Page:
The Impact of the Industrial Revolution on Mental Health

The Impact of the Industrial Revolution on Mental Health

The impact of industrial revolution on Mental health

The Industrial Revolution refers to the era in which economic production shifted from the use of hand tools to the use of power machinery, fueled primarily by coal and steam. Most of the process took place between 1750-1850 in Europe. The Industrial Revolution led to the change from an agrarian and handicraft economy dominated by industry and machine manufacturing. This process began in Britain and from there to other parts of the world.

The Industrial Revolution changed the foundations of economies that had previously relied on handicrafts and agriculture to large-scale industry, automated manufacturing, and the factory system. Existing industries become more productive and efficient with the introduction of new machinery, power sources, and work organization techniques. There were Three main features were involved – Technological, Socioeconomic and Cultural. The steam engine, the spinning Jenny, the cotton gin, and the telegraph were among the most significant inventions of the First Industrial Revolution. The invention of the internal combustion engine, controllable electricity, and lighting coincided with the Second Industrial Revolution.

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The Impact of the Industrial Revolution on Health:

Compared to the rest of the nation, communities that were affected by industrialisation had an average 33% greater level of neuroticism. Neuroticism refers to the tendency of an individual to experience negative emotions, such as anxiety, depression, self-doubt, and moodiness. According to the ‘big five’ model of personality, this translates into heightened emotional instability, a propensity for worry or wrath, and an increased risk of common mental illnesses like substance misuse and depression. The researchers discovered that some psychological traits of the local population, such as higher levels of neuroticism and lower levels of conscientiousness, as well as shorter life expectancies, can be predicted by the historical dominance of certain sectors in a given area.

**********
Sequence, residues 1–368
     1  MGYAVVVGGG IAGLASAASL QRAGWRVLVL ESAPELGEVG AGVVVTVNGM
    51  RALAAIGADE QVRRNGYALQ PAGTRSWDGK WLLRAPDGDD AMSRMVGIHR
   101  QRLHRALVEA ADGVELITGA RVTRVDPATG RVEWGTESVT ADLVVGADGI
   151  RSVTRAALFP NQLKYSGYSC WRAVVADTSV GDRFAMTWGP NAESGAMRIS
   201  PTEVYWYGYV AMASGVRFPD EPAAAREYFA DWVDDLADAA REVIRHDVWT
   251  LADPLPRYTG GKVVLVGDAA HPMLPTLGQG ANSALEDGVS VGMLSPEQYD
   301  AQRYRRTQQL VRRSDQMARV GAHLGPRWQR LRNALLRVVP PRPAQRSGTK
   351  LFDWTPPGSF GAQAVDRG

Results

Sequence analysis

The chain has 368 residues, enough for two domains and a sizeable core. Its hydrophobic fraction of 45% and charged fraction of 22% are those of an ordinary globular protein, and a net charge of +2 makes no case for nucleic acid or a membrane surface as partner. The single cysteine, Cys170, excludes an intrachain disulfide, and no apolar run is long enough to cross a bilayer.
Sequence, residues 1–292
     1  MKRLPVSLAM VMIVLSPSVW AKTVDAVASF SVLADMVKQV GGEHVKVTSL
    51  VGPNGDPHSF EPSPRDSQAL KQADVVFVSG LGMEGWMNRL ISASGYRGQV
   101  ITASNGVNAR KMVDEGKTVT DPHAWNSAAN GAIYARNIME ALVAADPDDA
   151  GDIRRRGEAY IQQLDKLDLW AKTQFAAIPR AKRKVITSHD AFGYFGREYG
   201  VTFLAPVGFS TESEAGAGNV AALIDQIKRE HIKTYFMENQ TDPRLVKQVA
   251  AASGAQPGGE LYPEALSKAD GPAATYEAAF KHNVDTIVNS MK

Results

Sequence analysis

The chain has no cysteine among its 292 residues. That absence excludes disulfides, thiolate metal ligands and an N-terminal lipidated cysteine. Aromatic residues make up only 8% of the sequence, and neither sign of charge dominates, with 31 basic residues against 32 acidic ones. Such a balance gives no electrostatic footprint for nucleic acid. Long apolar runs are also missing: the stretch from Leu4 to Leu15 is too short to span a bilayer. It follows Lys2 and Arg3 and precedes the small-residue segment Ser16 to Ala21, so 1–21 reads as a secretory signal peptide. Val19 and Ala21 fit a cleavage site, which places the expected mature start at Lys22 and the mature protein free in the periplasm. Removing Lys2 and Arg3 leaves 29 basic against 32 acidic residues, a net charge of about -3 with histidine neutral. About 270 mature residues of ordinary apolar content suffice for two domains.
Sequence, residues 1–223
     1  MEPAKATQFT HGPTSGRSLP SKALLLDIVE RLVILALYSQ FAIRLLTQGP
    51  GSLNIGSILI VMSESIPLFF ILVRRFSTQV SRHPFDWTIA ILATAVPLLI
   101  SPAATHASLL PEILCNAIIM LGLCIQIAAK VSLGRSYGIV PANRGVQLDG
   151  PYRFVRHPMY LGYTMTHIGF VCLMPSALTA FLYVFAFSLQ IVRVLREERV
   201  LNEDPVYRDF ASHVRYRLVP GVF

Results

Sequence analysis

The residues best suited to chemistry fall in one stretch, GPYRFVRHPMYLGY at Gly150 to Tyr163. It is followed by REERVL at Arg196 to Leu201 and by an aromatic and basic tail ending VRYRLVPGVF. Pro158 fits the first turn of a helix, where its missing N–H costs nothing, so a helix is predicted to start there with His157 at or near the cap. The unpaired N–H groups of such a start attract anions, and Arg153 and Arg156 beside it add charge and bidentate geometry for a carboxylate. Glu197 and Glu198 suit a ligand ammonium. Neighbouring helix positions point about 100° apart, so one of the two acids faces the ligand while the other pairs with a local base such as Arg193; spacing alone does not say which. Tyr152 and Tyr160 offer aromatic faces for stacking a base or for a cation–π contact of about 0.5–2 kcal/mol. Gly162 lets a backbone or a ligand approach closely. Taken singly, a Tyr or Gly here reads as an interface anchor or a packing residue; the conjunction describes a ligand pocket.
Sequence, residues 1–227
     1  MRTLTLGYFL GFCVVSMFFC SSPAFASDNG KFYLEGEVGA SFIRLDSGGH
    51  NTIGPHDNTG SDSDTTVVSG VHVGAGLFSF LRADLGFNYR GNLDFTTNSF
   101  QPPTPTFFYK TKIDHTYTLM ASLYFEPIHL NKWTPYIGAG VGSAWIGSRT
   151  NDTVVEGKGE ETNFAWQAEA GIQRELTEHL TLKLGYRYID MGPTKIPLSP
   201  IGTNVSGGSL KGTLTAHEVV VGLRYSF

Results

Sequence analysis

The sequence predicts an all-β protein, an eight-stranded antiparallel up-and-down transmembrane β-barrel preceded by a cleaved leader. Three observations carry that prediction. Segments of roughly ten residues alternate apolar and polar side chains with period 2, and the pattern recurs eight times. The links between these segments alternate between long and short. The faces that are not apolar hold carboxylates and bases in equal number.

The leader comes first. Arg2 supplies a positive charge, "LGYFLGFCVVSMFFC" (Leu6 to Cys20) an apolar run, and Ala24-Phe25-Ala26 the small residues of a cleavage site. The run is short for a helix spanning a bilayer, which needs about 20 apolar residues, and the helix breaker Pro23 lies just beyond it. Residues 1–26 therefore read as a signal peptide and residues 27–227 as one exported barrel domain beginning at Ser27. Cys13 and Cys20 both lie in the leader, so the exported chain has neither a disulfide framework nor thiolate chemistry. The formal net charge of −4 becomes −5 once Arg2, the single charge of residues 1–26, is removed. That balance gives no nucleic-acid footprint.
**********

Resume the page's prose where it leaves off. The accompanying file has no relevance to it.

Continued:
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Negative Impacts of the Industrial Revolution:
1. Crammed cities

To increase their standard of living and earn more money, job seekers started moving to industrial towns and cities overpopulation the urban area. A few typical negative effects of industrialization are high real estate costs, transportation congestion, and a shortage of available housing. Furthermore, high population density, unfavourable employment, and high-risk lifestyles can all contribute to the spread of disease.

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2. Unhealthy living conditions near industrial:

It’s really hard to locate a safe space to reside in industrial districts because of the pollution around these areas. Living conditions also deteriorate directly as cities get denser. For instance, illnesses can spread swiftly in situations when a large number of people reside in close quarters in unhygienic settings.

3. Health of the labour:

Worker relocation to cities, automation, and the outsourcing of repetitive labour are common outcomes of industrialization. These elements often cause factory workers to feel alienated, lose their sense of self, and have low job satisfaction. Additionally, hazardous working circumstances or elements of the workplace itself, including noise and grime, may cause severe health problems.

4. Financial drawbacks:

Because of the division of labour and capital brought about by industrialization, the gap between the rich and the poor gets larger. Capital owners frequently amass enormous gains from their business ventures, which widens the gap between their income and wealth. This caused various problems such as some started with rebellion, some started destroying industrial machines, some started fighting for their rights and whatnot. The industrialization phase led to the trend of “the rich getting richer and the poor getting poorer.”